Cilmbing Safety – Belaying

    Published: 06-16-2009
    Views: 55,942
    Certified American Mountain Guide Jason Montecalvo demonstrates belaying.

    Jason Montecalvo

    Jason Montecalvo is an instructor of rock climbing for Sportrock Indoor Climbing Centers. Jason has been leading individual and group indoor and outdoor climbing programs for children and adults for over eight years for multiple organizations including Horizons Adventure Camp where he created, organized and lead team building programs for public, corporate, and at risk and disabled youth, in areas such as hang gliding, caving, scuba, white water kayaking, and high ropes course facilitation. In addition, Jason has been teaching for Northern Virginia Community College as an adjunct climbing professor for over five years. Jason has an Associate in Science as well as a B.S. from George Mason University with his expertise being health and fitness in parks and recreation management. Jason also holds several national certifications in his area of expertise including being a Top Rope Site Manager for the American Mountain Guiding Association as well as having a Wilderness First Responder certification from Wilderness Medical Associates. As an avid outdoor athlete, Jason most memorable climbing accomplishment was climbing multi-pitch routes out west in the Grand Teton National Park in Wyoming and tough single pitch sport climbing routes in the east at the New River Gorge in West Virginia. Jason has lived and in the Northern Virginia DC metropolitan area for 28 years but has a great passion for the west coast and New England regions of the country for all areas of outdoor recreation and sport; in particular, climbing, snowboarding and mountain biking.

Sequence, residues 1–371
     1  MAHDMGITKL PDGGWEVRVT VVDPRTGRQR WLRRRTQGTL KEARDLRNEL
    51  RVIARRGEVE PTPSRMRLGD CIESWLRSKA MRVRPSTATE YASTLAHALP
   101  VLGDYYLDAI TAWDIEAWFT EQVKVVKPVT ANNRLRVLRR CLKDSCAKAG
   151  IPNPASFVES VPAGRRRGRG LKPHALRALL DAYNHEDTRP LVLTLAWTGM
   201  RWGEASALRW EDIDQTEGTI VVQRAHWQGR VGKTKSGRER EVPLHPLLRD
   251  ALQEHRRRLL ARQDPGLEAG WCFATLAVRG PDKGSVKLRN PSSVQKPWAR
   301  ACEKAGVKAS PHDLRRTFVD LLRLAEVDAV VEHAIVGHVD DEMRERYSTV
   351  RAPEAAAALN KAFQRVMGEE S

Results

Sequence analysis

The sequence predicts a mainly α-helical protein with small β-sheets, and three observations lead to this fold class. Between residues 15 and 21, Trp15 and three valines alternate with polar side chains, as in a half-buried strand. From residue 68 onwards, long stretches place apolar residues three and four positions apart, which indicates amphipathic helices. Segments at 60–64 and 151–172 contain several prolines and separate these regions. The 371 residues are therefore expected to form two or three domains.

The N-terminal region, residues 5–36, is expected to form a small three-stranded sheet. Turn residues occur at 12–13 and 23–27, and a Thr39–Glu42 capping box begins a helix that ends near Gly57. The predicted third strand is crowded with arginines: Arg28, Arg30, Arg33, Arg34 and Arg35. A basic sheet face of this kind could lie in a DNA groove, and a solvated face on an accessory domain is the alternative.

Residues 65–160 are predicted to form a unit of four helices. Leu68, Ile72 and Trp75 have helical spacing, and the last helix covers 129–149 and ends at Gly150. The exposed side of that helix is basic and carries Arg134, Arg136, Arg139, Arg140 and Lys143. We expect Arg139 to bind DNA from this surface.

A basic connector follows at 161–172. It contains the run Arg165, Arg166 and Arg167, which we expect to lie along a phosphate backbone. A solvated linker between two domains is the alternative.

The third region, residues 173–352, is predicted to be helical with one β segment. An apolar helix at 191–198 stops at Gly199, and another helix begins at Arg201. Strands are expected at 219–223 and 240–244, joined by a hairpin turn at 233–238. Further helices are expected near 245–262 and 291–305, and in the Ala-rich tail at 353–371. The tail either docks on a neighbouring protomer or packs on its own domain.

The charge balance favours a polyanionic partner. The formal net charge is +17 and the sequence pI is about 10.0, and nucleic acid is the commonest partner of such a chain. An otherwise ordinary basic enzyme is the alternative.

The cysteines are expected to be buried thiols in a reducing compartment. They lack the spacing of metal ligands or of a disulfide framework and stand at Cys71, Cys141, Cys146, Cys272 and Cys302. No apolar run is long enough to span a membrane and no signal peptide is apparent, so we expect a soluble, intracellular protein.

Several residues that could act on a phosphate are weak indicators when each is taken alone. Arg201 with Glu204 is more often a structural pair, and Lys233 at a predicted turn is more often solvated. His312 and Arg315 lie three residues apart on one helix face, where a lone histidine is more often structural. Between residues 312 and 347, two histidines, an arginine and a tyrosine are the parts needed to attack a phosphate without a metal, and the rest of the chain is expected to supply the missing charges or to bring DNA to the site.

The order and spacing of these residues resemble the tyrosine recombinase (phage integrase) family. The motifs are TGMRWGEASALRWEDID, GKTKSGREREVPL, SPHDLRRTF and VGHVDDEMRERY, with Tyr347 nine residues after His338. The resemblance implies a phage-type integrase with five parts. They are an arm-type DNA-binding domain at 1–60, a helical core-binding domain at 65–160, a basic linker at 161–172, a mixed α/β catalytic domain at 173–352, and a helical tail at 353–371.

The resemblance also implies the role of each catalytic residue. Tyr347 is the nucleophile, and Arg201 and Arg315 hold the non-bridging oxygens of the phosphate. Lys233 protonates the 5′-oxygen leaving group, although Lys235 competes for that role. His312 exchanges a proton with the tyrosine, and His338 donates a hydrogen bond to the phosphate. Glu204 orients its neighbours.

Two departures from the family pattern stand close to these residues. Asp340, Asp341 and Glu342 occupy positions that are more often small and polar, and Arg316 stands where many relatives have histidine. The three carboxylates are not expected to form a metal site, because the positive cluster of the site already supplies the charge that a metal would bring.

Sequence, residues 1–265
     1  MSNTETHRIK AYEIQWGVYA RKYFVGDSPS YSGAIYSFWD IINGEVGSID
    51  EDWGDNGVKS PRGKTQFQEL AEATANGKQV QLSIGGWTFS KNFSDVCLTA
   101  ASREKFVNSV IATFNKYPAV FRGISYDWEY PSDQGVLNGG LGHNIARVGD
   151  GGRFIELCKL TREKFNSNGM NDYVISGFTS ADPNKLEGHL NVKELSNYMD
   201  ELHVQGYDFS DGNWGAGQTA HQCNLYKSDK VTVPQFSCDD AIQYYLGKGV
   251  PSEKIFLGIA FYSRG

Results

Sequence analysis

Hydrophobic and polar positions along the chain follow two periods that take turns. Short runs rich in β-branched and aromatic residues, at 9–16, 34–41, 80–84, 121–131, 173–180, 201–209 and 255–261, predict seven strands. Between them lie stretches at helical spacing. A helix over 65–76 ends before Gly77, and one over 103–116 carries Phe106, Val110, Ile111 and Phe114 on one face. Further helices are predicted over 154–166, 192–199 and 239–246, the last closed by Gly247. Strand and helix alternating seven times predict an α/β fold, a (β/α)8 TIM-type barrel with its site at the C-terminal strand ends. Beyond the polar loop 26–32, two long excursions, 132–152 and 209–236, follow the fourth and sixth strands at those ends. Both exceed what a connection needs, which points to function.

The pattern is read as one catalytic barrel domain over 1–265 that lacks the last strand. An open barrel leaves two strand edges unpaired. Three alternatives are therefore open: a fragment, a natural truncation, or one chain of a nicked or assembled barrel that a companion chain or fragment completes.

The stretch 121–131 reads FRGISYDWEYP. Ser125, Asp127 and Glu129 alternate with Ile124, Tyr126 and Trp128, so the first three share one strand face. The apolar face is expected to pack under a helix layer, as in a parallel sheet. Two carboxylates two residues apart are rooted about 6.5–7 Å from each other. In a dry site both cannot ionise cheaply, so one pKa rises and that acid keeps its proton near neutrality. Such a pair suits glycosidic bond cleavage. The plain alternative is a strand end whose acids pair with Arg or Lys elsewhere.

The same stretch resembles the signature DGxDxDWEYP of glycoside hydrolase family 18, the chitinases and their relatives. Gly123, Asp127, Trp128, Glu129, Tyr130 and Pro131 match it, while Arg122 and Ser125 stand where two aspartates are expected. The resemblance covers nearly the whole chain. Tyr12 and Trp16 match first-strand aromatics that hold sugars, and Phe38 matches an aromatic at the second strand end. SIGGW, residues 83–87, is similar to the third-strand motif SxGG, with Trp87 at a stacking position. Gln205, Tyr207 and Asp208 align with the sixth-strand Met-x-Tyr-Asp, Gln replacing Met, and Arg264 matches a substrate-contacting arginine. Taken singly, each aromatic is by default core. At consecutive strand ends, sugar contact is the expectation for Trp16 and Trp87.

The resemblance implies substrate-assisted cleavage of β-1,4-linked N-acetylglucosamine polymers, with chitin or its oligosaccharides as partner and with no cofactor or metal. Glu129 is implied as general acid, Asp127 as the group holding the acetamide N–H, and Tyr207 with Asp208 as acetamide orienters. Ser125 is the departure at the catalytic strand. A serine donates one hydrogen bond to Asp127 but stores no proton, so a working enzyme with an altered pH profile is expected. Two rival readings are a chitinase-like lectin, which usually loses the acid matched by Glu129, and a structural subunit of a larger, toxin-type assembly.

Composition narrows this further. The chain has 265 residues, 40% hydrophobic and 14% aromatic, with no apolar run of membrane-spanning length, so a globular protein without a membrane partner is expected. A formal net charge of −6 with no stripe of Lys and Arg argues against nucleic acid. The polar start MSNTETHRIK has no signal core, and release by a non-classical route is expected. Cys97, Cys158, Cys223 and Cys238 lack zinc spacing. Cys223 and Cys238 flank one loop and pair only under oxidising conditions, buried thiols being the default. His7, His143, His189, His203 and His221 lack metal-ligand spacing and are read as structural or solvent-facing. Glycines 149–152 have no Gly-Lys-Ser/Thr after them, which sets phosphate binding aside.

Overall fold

Jason Montecalvo: Hi! My name is Jason Montecalvo with Sport Rock Climbing Centers and today we are learning how to safely climb in an indoor rock climbing facility. Remember climbing is inherently a dangerous activity and you want to seek professional help by certified climbing instructors prior to engaging in this. Next, what I would like to talk about is learning how to belay safely in an indoor climbing gym. First thing, we need is locking karabiner and belay device. We also need to identify the fact that we need the belay line, not the climbing line when we start to belay. This is the line farthest from the wall. First thing that I want to do as a belayer is to clip my two pieces together. My karabiner to my ATC, to my belay device. I will take by the belay device now and I will clip my karabiner to my belay loop. At this point, I want to discuss my three jobs as a belayer. Job number is to take the slack out of the rope as the climber ascends. Job number two is to catch the climber if they were to fall or they need a rest and job number three is going to be lowering the climber back down to the ground safely when they are done climbing. The first thing I need to do to load my device properly is to get a bite of rope, a bite of rope, is rope that is very right next to each other side by side and it looks like a loop. We are taking this bite and we are going to force it through the bottom of my belay device. If I am right handed, I would use the right hole, if I am left handed I will use the left hole. Going to force it down through the bottom of the device, now I need to capture this piece of rope inside my karabiner, in order to do so, I will pull that rope down. I will open my karabiner gate. I will my slide my rope in and now I need to lock my screw gate down. Not only do I need to lock it but I need to make sure its locked by squeezing the karabiner to make sure that I am locked. Next I will identify the fact that I have a break end of the rope and then a lead end that goes up to the anchor at the top. The break needs to be coming out to the bottom of the device and it is loaded properly on my harness now. At this point I can show you how we are going to take out slack job number one for a belayer. We are going to use a series of commands called, pull, pinch and slide. We have two hands that we need to use, our guide hand which is my left hand and a break hand which is my right. The number one rule in belaying is that I can never take break hand off of the rope. In order to do this properly, I am going to use the commands pull, pinch and slide. Which will look like this, pulling out slack, taking my guide hand off ,pinching the rope outside of my break hand and sliding my break hand back down the rope and I will repeat, pulling out slack, pinching and sliding my break hand back, continuing on as the climber climbs up the wall. Notice my break hand is never coming off the line and that I am pinching outside of my hand. Notice also, that I am using my left hand, my guide hand in order to pull slack down into the device as my right hand pulls out the slack. Pinching and sliding, pulling, pinching and sliding, pulling, pinching and sliding that is job number one. Job number two is catching the climber if they were to fall. If they were to fall, I will simply go down to this position between my legs, making this break bend in the rope. This bend takes an awful lot of friction and I am able to hold the climber up if they were to fall or they need a rest with very little effort. I am not using my muscle I am simply using this bend in the rope. The bend doesnt need to be around your waist, it just needs to be right down, beneath my legs, making sure this bend is activated. At this point if the climber would like to continue climbing, I can continue belaying by pinching, sliding, pulling, pinching and sliding. Once they get to the top, they are going to need to lean back into the rope and hang, therefore I need to put a break on. At this point, I am going to put two hands on to my break. Once I have two hands on to my break, the climber can lean back into the rope, put their weight into rope and I can slowly start to lower them down by loosening the grip on my hands and letting the rope slide through my hands. I will not raise the break, I would keep break down into its position. If they were coming too fast, I simply squeeze and stop them and then I can safely lower them at a safe speed back down to the base. Once they have gotten back down, we have now finished the belay process and next we will begin to learn our safety checks.